The vegans are on the march. What used to be a seen as part of a cranky lifestyle embraced by sandal-wearing hippies has gone mainstream. Celebrities from Bill Clinton to Beyoncé have sworn off meat and dairy, and record numbers of people signed up for Veganuary this year, flooding Instagram with photos of their seaweed ‘bacon’ and jackfruit burritos. Vegans claim their way of life is better for the environment, human health and animal welfare, but are they right?
According to an Oxford University report, switching to a vegan diet is the most effective way to reduce your impact on the planet. Livestock belch out massive amounts of methane, one of the most harmful greenhouse gases. Farm animals are also extremely wasteful of resources, using up 83% of farmland while providing only 18% of our calories, guzzling soya and grain that could feed humans more efficiently, and requiring vast amounts of water. As for your health, vegan sports stars such as Venus and Serena Williams and Lewis Hamilton prove that you can be superfit on a plant-based diet, and research has linked vegan diets to lower rates of some diseases. As for animal welfare, if you’re an omnivore, don’t kid yourself that you’re being ethical by eating only ‘humanely’ reared meat. Livestock on on so-called high welfare farms undergo many of the same cruel practices that are inflicted on factory farm animals. If you really care about non-human sentient beings, don’t eat them or any food derived from them.
That’s the argument made by the vegan lobby. But there are many experts who disagree on all counts. Take the environment. Few people realise the high carbon cost of growing crops – some 15-20% of the world’s CO² output comes from ploughing – and that plants grown for food require vast amounts of fertiliser and pesticides that are derived from fossil fuels. And while vegans like to demonise all forms of animal husbandry, traditional methods of cattle grazing can actually help the environment by fertilising the soil, capturing and storing carbon and increasing biodiversity. And then there’s human health. As very few people have stuck to a vegan diet for more than 10 years, we don’t know its long-term effects. But what we do know is that it is difficult for those on a vegan diet to get enough of certain vital nutrients. As for animal welfare, is it obviously more ethical to be a straight-edge vegan rather than to eat fewer products from animals reared to the very highest welfare standards? Vegans should get off the moral high-ground, say their critics, and acknowledge that a plant-based diet is just a fad that makes people feel good about themselves rather than making a difference to the world.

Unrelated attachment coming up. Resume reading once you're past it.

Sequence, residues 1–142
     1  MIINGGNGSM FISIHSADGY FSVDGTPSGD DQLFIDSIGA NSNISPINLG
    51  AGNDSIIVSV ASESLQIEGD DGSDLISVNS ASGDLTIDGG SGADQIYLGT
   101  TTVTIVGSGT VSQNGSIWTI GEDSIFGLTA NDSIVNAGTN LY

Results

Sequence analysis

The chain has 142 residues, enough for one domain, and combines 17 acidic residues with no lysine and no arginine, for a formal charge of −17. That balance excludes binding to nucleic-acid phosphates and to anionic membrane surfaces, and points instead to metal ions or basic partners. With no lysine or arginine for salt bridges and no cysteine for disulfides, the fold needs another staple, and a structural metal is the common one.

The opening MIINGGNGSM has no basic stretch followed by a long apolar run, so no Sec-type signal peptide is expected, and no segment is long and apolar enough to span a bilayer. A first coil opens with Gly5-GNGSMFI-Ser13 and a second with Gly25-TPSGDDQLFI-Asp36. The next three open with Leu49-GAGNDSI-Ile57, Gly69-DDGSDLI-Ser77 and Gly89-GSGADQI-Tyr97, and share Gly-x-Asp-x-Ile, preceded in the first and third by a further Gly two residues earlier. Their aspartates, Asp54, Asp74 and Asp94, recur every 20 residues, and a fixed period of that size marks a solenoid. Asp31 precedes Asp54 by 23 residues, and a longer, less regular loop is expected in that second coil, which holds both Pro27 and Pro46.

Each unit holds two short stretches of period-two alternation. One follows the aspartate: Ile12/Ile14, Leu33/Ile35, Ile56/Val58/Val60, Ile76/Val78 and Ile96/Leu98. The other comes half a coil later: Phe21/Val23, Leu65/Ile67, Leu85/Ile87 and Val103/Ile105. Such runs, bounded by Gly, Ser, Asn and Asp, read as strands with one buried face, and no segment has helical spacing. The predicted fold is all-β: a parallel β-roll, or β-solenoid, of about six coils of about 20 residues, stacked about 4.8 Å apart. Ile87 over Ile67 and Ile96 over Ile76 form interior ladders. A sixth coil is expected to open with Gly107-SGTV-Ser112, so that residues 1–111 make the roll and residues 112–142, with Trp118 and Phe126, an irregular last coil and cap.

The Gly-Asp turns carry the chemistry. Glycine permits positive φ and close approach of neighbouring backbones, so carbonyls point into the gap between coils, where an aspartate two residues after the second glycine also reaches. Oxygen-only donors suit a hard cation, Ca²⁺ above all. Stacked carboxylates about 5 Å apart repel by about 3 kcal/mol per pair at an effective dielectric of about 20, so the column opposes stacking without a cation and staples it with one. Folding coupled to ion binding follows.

Who’s right and who’s wrong? Come to the debate, hear the arguments and decide for yourself.
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